Amid a new international push towards later school entry, early childhood teaching experts and peak bodies warned many Australian children were too little to learn in classrooms.
- 2013 August 26 The Courier-Mail: Kids who are not socially or emotionally ready for Prep should stay home another year - Early Childhood Teachers' Association president Kim Walters said while it was a teacher's job to be able to work with a child at any academic stage, if they were not socially and emotionally ready for Prep it hampered their academic progress.
"Those emotional and social issues are far more important than the intellectual," she said.
"If you have a very immature boy you're best to keep him home and send him next year."
- 2013 August 26 Courier Mail: Drop in Kindergarten numbers - Early Childhood Teachers Association president Kim Walters said the tiny increases were bigger than they looked because the 2009 Year 2s - the first Prep cohort - included only students from the youngest half of the grade.
The first full year of Prep, including pupils in the older six-month group, are in Year 2 this year. Ms Walters said the inclusion of older students would bump the scores up.
- 2013 June 4 Courier Mail: Prep students' behaviour would improve with more play, says C&K - Early Childhood Teachers Association president Kim Walters said by-the-book teaching was not always best for new Prep students.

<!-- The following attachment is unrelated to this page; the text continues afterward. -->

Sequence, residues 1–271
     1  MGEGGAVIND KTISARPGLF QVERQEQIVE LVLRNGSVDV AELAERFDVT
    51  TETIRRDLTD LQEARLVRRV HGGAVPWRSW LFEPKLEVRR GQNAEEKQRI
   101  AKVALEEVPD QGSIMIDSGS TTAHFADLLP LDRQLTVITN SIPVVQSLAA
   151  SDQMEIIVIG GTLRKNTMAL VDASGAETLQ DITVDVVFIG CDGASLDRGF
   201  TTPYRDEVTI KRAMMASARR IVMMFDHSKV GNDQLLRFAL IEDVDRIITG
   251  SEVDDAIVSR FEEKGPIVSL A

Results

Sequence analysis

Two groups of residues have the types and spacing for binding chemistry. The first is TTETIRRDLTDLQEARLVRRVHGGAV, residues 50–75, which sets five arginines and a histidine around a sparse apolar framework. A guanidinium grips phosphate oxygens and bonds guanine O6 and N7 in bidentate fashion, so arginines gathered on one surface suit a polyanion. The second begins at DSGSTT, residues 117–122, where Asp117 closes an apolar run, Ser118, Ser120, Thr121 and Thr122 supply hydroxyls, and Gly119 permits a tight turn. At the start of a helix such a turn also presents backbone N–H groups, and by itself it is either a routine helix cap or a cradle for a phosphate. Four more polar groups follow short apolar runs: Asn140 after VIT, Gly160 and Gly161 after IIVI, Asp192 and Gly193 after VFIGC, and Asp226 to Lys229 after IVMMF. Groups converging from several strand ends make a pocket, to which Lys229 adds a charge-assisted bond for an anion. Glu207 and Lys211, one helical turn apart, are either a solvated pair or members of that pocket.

"In the majority of cases, being a little more mature and older means they fly through Prep . . . it's setting them up for success," she said.
"Students need to have a positive first year."
- 2013 3 June 3 Herald Sun: Prep School bans soar amid rise in classroom violence - Early Childhood Teachers Association president Kim Walters said she believed there was a link between the suspension jump and the introduction of the Australian Curriculum, which had resulted in less play-based and more focused learning in state schools.
She said boys who had not been to kindergarten struggled.
"A lot of the focused learning is full group, which assumes everyone is on the same page at the same level of understanding and they are not," Ms Walters said.
"So the children that aren't, are sitting there bored because they don't understand what is going on.
"We are putting the children into a situation which leads them to have higher anxiety levels, higher disconnection, higher stress levels.
"Therefore, the ones that aren't coping with that are acting out in the only way they can - in a violent way."
- 2013 March 17 The Sunday Mail: Review call as state scraps time guide - Students aged 4-5 are now often being sent home with "readers".